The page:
Nuclear Diplomatic

Nuclear Diplomatic Dispute: What Biden Told Macron

Nuclear Diplomatic Dispute

OpenLife Nigeria reports that on Wednesday, President Joe Biden spoke, for the first time, with French President Emmanuel Macron after a major diplomatic crisis exploded between the two longtime allies over a deal to equip Australia with nuclear-powered submarines.
In the call, Biden appeared to acknowledge missteps in how the United States approached the talks. A joint statement between the United States and France afterward said Macron and Biden “agreed that the situation would have benefitted from open consultations among allies on matters of strategic interest to France and our European partners.”
“President Biden conveyed his ongoing commitment in that regard,” the statement said.
The rare, if indirect, admission of error was a signal of how seriously both sides are taking the diplomatic dispute, which has led to the lowest point in relations between the United States and France since the “Freedom Fries” era at the start of the Iraq War.
The talks were expected to be tense. Macron has mostly withheld comment publicly on the dispute, waiting to air his rage directly to Biden. But other officials in his government have spared nothing in describing France’s shock and fury at the submarine agreement, which deprived France of a major contract of its own and left Paris feeling excluded and diminished.
Biden himself has ignored all questions on the France dispute since the crisis erupted at the end of last week, but officials said he was surprised by the outsized reaction from Paris and wanted to smooth things over with his counterpart, aiming to lower the temperature over the phone.
In their call, Biden and Macron agreed to meet at the end of next month in Europe. Biden had already planned to attend a Group of 20 summit in Rome at the end of October.
“The two leaders have decided to open a process of in-depth consultations, aimed at creating the conditions for ensuring confidence and proposing concrete measures toward common objectives,” the statement read.
Macron also agreed to return his ambassador to Washington after recalling him for consultations in Paris. And Biden voiced support for “the importance of a stronger and more capable European defense,” a longtime priority for Macron.
Before the two presidents spoke, French officials laid out a lengthy list of expectations for the telephone call, which occurred mid-morning Washington time.
An official at the Élysée, the French presidential office, said Macron expected Biden to offer clarification for how the deal came together without consultations with the French.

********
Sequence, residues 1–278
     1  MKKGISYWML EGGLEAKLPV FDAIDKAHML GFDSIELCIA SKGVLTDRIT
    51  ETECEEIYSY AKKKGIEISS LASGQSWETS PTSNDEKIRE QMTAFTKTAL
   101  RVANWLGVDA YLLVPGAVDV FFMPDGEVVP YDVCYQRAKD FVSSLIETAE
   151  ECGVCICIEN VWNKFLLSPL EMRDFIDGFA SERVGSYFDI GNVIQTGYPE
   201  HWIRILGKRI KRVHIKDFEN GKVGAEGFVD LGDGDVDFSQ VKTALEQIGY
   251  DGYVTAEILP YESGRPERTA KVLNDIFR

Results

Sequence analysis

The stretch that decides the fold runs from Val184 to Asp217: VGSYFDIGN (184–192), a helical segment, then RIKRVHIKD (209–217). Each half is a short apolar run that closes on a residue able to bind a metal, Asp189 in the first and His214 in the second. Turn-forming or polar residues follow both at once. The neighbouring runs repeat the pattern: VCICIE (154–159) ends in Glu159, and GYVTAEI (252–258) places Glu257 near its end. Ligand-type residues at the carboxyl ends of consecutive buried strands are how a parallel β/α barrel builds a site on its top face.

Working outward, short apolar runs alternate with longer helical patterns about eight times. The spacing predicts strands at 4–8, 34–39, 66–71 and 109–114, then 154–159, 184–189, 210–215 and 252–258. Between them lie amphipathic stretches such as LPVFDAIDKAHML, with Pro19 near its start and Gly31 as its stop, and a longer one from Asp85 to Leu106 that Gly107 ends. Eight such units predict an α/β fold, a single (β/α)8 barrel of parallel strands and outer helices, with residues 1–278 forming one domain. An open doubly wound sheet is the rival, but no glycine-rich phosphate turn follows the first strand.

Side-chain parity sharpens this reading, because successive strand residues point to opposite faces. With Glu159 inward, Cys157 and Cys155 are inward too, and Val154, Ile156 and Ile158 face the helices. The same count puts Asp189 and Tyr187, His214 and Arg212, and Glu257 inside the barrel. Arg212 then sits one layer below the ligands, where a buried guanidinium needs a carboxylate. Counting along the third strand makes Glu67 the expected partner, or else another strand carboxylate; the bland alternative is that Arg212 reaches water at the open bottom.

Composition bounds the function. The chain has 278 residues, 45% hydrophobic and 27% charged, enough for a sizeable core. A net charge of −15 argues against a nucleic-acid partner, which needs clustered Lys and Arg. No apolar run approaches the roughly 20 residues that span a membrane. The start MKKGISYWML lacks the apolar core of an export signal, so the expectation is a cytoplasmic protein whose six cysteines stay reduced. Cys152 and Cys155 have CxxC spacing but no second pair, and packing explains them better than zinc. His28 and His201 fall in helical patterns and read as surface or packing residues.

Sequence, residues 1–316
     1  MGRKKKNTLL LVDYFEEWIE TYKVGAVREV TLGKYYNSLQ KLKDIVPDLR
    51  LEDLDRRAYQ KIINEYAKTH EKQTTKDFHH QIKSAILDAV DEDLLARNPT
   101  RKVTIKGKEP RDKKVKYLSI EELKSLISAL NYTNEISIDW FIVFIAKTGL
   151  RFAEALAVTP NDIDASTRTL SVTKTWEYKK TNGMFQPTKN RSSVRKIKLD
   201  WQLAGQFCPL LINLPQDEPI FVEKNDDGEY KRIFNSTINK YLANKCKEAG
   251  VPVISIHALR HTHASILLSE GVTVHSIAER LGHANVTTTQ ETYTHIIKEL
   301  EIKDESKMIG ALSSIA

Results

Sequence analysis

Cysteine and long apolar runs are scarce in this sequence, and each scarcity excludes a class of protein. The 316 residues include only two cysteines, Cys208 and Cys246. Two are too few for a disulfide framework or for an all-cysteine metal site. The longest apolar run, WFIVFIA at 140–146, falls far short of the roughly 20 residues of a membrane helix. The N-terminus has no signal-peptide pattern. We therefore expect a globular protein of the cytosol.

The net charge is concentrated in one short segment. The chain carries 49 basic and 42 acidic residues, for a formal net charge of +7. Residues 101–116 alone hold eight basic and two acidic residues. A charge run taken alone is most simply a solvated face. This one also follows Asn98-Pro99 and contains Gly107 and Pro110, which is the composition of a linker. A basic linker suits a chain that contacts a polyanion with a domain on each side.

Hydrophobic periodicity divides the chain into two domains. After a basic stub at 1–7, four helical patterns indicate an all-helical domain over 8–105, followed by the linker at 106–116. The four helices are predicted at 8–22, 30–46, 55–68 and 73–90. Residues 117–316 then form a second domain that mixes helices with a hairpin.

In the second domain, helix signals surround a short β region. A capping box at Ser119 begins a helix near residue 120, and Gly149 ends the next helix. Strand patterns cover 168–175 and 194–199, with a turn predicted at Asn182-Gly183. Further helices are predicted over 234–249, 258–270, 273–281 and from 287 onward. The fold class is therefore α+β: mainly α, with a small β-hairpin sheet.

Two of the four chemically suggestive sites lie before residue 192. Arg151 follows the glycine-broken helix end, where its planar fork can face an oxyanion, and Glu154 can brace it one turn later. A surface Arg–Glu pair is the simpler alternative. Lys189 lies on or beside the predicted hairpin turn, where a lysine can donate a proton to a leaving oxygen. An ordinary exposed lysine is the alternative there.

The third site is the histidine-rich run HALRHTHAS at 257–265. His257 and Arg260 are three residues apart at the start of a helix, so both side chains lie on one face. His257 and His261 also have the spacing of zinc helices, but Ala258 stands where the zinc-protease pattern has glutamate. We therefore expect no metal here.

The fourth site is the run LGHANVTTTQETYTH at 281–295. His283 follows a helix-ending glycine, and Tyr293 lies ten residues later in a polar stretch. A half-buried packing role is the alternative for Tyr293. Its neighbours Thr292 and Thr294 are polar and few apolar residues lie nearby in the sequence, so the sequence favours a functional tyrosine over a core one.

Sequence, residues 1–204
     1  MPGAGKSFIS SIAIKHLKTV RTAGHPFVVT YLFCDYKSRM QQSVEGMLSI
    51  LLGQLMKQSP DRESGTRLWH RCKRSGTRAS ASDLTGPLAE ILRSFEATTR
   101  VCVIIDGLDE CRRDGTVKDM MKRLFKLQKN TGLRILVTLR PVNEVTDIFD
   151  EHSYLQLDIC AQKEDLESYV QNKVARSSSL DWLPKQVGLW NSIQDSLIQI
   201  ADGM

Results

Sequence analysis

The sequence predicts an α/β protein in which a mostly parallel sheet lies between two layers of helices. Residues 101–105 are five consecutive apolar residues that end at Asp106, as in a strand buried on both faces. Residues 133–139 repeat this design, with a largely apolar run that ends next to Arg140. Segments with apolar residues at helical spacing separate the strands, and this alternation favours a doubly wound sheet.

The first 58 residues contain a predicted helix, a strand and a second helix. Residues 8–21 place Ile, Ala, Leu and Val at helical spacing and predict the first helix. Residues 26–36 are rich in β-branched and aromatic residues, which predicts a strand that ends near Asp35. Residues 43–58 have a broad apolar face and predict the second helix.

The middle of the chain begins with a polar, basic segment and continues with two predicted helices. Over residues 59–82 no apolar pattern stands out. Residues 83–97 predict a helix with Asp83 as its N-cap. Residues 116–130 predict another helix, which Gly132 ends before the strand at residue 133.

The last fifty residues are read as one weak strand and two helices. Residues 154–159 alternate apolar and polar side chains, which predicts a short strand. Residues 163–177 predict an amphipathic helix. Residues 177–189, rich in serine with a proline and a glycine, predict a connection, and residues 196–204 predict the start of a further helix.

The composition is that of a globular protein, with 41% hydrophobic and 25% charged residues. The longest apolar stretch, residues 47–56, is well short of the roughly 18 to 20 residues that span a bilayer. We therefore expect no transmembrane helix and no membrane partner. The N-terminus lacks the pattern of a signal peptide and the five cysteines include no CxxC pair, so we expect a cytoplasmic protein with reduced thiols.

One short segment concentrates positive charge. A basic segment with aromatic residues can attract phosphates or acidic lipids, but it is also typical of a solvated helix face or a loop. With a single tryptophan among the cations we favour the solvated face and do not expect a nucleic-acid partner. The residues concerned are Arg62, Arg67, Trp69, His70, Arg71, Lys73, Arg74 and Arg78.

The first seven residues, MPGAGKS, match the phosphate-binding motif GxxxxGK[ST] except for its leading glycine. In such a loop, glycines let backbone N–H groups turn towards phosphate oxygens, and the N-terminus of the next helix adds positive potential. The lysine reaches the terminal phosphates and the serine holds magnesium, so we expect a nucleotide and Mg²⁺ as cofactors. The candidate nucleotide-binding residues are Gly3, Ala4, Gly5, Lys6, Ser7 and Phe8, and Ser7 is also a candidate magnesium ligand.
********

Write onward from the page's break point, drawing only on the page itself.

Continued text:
“We expect our allies to recognize that the exchanges and consultations that should have been conducted were not, and that this poses a question of trust,” the official said.
Macron would also seek to identify a “solid process in a concrete time frame and at a high level (that) will allow us to create the conditions for restoring trust,” the official said.
Biden requested the call with Macron over the weekend as tensions simmered over the surprise submarine deal, which was viewed as a significant strategic move to counter China in the region. The French informed the White House on Friday that Macron’s ambassador in Washington, Philippe Etienne, was being recalled to Paris for consultations.
The French were quick to announce Biden’s request for a phone call publicly, and the White House confirmed the two men were trying to connect. American officials said Biden wanted to speak soon with Macron about the “way forward.”
“We understand the French position,” a senior US administration official said Monday. “We don’t share their view in terms of how this all developed.”
While Biden met in person on Tuesday with the prime ministers of Australia and the United Kingdom, he did not have any in-person meetings with Macron on the books until they spoke on Wednesday.
The French President did not travel to this week’s United Nations General Assembly in New York, a decision-based in pandemic concerns that predated the submarine spat.
Australian Prime Minister Scott Morrison said Tuesday he would not speak with Macron during the UN this week.
“That is not an opportunity for that at this time. I’m sure that opportunity will come in time. But right now, I understand the disappointment,” Morrison said.

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